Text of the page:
• 48% of American households are composed of married couples.
  • Married men fare better financially, making 10% – 50% more than their unmarried peers.
  • Married men are healthier than men who were never married or whose marriages ended in divorce or widowhood.
  • In 2011, only 52% of Americans were currently married.
  • 20% of American adults (about 42 million people) have never been married, a record high.
  • 61% of men and women who have never married say they would like to get married.
  • Only 12% of Americans say they do not want to marry. 27% are uncertain.
  • Almost 42 million adults in the U.S. have been married more than once. That’s up from 22 million in 1980 and 14 million in 1960.
  • In 2013, 40% of marriages involved remarriage, increasing the number of families dealing with the challenges of being a blended family.
  • The divorce rate has dropped since 1996.
  • Americans are marrying older. In 2011, the median age for first marriages was 29 for men and 27 for women.
  • 24% of never-married young adults ages 25 to 34 are living with a partner.
  • According to Pew, 46% of adults believe society is better off if people make marriage and children a priority. 50% of adults believe society is just as well off if people have other priorities. Among those ages 18 – 29, 67% say society is just as well off if people have other priorities.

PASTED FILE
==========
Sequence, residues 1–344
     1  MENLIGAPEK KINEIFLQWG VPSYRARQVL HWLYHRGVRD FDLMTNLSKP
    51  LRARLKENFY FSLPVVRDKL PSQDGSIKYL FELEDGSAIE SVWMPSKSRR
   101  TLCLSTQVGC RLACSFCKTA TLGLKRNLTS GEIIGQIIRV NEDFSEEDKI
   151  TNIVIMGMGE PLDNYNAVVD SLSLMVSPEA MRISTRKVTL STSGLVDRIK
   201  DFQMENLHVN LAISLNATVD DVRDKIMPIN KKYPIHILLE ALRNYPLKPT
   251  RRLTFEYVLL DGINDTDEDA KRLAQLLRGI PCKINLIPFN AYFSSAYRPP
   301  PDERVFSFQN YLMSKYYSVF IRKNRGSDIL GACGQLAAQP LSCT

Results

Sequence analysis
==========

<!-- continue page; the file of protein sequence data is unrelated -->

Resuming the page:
• A child growing up in a married family is 82% less likely to grow up in poverty.
  • Since President Johnson launched the War on Poverty in the 1960s, the number of children born out of wedlock has increased from 6% to 41%.
  • When compared to children from married families, children raised by a single-parent are (Heritage):
    • More than twice as likely to be arrested for a juvenile crime
    • Twice as likely to be treated for emotional and behavioral problems
    • Roughly twice as likely to be suspended or expelled from school
    • A third more likely to drop out before completing high school
  • Children living in single-parent homes are 50% more likely to experience poverty as adults when compared to children from intact married homes. (Heritage)
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